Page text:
Given $$f: \mathbb{C}^3 \rightarrow \mathbb{C}^2, \begin{bmatrix} a\\ b\\ c \end{bmatrix} \mapsto \begin{bmatrix} ia+b\\ c \end{bmatrix}, \,\,\,\,\,\,\,g: \mathbb{C}^3 \rightarrow \mathbb{C}^2, \begin{bmatrix} a\\ b\\ c \end{bmatrix} \mapsto \begin{bmatrix} ia+b\\ c+1 \end{bmatrix}$$

I like to find out if linearity exists for each function? If I understood correctly, it needs to be shown that they are homogenous and additive. So let $$\vec{v_1}=\begin{bmatrix} a_1\\ b_1\\ c_1 \end{bmatrix} \,\,\,\,, \vec{v_2}=\begin{bmatrix} a_2\\ b_2\\ c_2 \end{bmatrix} \,\,\,\, \text{ where each is from } \,\, \mathbb{C^3}$$

Because the functions need to be homogenous and additive, we need to do

$$f(\vec{v_1}+\vec{v_2}) = f(\begin{bmatrix} a_1+a_2\\ b_1+b_2\\ c_1+c_2 \end{bmatrix}) = \begin{bmatrix} i(a_1+a_2)+(b_1+b_2)\\ (c_1+c_2) \end{bmatrix}= \begin{bmatrix} (ia_1+b_1)+(ia_2+b_2)\\ (c_1+c_2) \end{bmatrix}$$

But from here I don't know how to continue and what to do ? :C

  • 1
    $\begingroup$ The next step in proving homogeneity is to calculate $f(\vec{v_1})$ and $f(\vec{v_2})$, then add the results. If this is the same as $f(\vec{v_1} + \vec{v_2})$ as you have correctly calculated, then you have additivity. $\endgroup$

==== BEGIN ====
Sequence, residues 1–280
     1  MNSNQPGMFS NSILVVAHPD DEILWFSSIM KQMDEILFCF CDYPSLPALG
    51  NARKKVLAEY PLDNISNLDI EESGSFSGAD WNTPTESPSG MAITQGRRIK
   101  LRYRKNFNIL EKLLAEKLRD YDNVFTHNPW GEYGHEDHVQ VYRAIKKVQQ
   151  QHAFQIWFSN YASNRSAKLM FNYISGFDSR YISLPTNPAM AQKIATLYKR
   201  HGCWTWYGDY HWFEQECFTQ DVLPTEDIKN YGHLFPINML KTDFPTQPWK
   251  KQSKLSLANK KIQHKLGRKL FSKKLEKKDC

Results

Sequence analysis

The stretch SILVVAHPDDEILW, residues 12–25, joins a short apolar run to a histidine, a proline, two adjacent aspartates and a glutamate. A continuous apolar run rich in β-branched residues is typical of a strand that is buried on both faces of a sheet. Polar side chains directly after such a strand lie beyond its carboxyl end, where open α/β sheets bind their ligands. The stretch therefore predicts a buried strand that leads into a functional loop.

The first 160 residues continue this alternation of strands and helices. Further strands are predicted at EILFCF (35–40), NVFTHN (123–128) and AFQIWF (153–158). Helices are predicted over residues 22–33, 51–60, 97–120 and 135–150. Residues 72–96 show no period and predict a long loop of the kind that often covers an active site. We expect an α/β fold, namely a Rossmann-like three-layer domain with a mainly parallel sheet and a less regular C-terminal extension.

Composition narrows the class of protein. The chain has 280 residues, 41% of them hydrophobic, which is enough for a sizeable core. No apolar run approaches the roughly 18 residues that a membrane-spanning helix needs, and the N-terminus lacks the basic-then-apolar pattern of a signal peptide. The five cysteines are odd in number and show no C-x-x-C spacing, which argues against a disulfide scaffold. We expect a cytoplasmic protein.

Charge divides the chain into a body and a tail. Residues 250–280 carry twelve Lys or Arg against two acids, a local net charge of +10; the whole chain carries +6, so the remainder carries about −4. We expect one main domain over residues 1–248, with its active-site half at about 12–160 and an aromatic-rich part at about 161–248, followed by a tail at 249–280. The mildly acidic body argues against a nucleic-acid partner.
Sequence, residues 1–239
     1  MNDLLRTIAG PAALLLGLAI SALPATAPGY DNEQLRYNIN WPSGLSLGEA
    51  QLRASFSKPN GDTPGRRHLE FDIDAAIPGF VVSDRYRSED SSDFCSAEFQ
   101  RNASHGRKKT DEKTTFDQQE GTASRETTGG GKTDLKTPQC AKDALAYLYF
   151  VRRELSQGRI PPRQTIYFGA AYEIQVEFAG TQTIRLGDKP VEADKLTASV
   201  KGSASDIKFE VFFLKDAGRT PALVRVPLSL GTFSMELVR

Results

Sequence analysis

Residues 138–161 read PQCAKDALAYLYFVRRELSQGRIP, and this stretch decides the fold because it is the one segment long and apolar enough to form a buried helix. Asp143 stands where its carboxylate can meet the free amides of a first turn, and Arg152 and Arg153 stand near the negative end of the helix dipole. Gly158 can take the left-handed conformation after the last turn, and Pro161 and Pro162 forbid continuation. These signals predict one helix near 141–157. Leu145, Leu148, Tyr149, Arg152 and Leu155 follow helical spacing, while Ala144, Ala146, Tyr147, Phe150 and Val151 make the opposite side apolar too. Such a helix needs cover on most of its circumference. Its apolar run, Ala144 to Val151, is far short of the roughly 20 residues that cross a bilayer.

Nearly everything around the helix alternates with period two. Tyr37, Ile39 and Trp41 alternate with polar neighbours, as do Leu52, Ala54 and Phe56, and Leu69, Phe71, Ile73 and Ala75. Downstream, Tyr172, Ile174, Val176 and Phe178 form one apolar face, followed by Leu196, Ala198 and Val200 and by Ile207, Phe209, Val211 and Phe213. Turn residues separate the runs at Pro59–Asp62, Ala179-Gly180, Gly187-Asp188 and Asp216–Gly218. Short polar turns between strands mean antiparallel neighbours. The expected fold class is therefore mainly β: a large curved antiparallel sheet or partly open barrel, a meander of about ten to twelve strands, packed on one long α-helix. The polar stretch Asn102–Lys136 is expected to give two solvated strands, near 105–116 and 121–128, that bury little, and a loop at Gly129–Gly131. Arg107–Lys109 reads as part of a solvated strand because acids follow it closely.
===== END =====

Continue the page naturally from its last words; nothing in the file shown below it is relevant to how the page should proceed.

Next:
– user793679
    Jun 4 '20 at 15:34

You want to show $f(v_1 + v_2) = f(v_1) + f(v_2)$. If we compute the values $f(v_1)$ and $f(v_2)$ we find that $$ \begin{align*} f(v_1) + f(v_2) &= \begin{bmatrix} ia_1 + b_1 \\ c_1 \end{bmatrix} + \begin{bmatrix} ia_2+b_2\\ c_2 \end{bmatrix} \\ &= \begin{bmatrix} (ia_1+b_1)+(ia_2+b_2)\\ c_1+c_2 \end{bmatrix} \\ &= f(v_1 + v_2). \end{align*} $$ Thus, we see that $f$ is linear (if we quickly compute $f(av) = af(v)$). Another way to see this quickly is to note that all the components of $f(v)$ are linear combinations of the entries of $v$. This is not the case for $g$ due to the addition of 1 in the second component, hence $g$ is not linear. Alternatively, one can plug in $0$ to get $$g(0) = \begin{bmatrix} 0\\ 1 \end{bmatrix} \ne 0.$$

  • $\begingroup$ This proves $f$ is additive. We'd need a proof of homogeneity, i.e. $f(cv) = cf(v)$ for all scalars $c$ and vectors $v$, in order to be linear. Unfortunately, proving $f(0) = 0$ doesn't cut it! $\endgroup$
    – user793679
    Jun 4 '20 at 15:48
  • $\begingroup$ Sorry, I mixed up what I wanted to write. Should be fixed now; I think OP can do the computation on their own now that they have an example of how it works :) $\endgroup$ Jun 4 '20 at 15:55
  • $\begingroup$ Many thanks and also for the comment this is very helpful already! x) $\endgroup$
    – kathelk
    Jun 4 '20 at 16:03

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